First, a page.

Utah Justice Courts can be wild sometimes, especially with non-law trained judges. A Utah Justice Court is the most likely court a Utahn can find themselves in. Utah Justice Courts combined processed 410,158 in FY2023. Utah District Courts processed 248,229 in FY2023. See utcourts.gov.
Once you plead guilty or are found guilty by a jury or judge and sentenced you have a right to a De Novo appeal. A De Novo appeal from the justice court means “DO OVER.” Or do it all over again up top in a Utah District Court. Trials De Novo are a complete appeal of the entire case. See Utah Rules of Criminal Procedure 38(f) and Utah Code 78A-7-118. Hearing De Novo are appeals, but only of limited issues, not the entire case like Trial De Novo.
Reckless Driving and DUI Trial De Novos are slightly different. See HERE for how to appeal.
Hearings De Novo are not a complete appeal of the entire case from the justice court to the district court. Hearings De Novo only apply to the following types of matters decided by the justice court.
Defendant’s Hearing De Novo Right. A defendant convicted and sentenced in the justice court is entitled to a hearing de novo in the district court regarding:
Prosecutor’s Hearing De Novo Right. A prosecutor is entitled to a hearing de novo in the district court regarding:
Victim’s Hearing De Novo Right. A victim (or prosecutor) is entitled to a restitution hearing de novo in the district court regarding restitution if:
Constitutional or Statutory Interpretation. The Utah Court of Appeals will review cases originating in justice court, which permits appellate review of a district court decision only if the district court rules on the constitutionality of a statute or ordinance. See Utah Code 78A-7-118(11).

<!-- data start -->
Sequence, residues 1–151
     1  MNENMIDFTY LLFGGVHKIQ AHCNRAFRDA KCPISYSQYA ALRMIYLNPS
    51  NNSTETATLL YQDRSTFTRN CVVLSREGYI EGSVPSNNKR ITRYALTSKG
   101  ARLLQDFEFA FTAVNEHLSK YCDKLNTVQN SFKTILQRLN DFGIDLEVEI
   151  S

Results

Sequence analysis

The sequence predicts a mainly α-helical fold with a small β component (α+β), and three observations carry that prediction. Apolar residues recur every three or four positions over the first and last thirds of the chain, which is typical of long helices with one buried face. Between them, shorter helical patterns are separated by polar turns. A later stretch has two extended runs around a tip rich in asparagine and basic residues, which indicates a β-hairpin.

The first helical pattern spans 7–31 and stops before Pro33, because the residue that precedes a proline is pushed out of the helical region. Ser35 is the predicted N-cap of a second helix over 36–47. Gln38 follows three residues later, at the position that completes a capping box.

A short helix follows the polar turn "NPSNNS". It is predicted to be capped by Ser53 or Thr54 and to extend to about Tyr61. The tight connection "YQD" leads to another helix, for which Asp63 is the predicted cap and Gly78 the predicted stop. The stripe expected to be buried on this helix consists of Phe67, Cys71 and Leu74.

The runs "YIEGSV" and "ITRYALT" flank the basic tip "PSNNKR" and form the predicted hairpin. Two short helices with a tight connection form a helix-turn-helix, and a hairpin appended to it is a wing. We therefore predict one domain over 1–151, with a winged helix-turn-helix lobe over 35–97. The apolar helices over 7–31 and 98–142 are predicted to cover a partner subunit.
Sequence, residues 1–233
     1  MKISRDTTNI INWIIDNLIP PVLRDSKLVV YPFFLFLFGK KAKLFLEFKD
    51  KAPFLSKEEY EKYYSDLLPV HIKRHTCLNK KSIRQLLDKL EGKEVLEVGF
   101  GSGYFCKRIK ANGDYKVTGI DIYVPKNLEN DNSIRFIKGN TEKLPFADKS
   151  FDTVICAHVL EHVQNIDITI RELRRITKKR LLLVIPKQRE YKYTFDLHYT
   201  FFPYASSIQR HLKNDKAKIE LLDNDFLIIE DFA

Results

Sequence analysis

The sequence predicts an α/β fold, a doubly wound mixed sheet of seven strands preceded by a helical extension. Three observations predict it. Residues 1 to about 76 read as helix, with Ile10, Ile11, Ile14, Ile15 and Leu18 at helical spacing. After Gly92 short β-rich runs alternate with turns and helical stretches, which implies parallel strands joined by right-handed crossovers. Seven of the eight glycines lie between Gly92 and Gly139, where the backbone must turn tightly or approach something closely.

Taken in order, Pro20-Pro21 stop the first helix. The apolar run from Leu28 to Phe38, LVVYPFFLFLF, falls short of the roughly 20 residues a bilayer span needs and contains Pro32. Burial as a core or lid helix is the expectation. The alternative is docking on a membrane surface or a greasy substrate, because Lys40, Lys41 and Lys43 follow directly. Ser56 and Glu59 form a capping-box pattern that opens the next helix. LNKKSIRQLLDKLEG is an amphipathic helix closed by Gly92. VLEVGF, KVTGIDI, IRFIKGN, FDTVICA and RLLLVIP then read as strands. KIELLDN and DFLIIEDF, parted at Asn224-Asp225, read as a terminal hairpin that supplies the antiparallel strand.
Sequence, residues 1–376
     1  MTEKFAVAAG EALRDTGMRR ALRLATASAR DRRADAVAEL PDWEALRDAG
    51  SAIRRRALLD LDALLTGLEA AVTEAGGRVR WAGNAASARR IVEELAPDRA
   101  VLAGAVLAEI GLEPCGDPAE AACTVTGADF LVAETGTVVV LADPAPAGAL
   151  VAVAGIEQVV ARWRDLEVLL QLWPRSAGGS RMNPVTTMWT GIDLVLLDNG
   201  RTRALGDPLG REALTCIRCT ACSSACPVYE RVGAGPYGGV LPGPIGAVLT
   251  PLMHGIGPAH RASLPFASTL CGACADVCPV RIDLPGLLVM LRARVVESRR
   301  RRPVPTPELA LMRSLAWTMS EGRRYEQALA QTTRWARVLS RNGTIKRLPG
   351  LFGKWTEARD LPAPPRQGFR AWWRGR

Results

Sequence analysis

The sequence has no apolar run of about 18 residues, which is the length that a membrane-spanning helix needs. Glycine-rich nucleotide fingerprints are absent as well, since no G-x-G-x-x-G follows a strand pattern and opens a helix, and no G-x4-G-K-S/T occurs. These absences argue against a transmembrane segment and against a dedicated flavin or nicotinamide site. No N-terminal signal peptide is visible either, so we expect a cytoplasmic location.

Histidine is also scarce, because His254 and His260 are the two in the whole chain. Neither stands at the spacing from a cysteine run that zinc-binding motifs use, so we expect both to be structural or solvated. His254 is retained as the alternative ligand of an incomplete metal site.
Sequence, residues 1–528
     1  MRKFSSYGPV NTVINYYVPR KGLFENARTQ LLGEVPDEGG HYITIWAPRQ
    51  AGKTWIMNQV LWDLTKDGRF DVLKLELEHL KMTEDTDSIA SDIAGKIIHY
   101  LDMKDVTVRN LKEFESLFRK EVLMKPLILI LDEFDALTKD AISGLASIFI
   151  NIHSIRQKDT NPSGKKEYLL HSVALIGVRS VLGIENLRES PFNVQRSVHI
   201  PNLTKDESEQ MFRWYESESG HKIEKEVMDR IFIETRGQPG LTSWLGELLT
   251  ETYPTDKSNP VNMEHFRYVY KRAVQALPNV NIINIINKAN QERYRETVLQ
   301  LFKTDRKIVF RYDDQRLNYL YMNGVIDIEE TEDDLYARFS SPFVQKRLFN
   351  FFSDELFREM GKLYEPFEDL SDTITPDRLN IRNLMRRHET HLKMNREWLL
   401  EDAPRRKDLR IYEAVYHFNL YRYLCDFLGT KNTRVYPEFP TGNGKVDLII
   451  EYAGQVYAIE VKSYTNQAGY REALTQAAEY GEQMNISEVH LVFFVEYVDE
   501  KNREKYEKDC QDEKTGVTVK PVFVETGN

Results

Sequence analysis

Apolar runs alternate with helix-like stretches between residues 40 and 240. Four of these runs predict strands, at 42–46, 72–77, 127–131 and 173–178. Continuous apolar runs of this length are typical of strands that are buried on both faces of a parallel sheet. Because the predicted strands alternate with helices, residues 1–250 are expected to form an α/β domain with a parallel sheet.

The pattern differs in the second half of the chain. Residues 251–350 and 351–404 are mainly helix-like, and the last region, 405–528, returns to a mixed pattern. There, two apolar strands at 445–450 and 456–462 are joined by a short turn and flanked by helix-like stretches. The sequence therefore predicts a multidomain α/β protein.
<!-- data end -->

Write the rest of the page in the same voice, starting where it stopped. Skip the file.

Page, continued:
Appeals from the Utah Court of Appeals to the Utah Supreme Court. You can appeal a decision of the Utah Court of Appeals determining your justice court originated appeal through a petition for certiorari.
To say the least, not many justice court originated cases make it to the Utah Supreme Court and are heard and decided.
If you are going to appeal from the Justice Court until you get the relief you must preserve any constitutional, ordinance or statutory interpretation issue clearly in the District Court De Novo appeal.
In 2024 Ut 3 Park City Municipal Corporation v. Robert Evan Woodham the Utah Supreme Court affirmed that you can appeal a justice court case to the Utah Supreme Court if you properly preserve a constitutional, ordinance or statutory challenge.
In Woodham the Utah Supreme Court found that merely mentioning constitutional words in your defense like “by invoking the due process clause limitation on all statutes” was insufficient to properly preserve a constitutional challenge. “Mere mention of a constitutional right, phrase, or principle does not raise a constitutional claim” or preserve it for appellate review.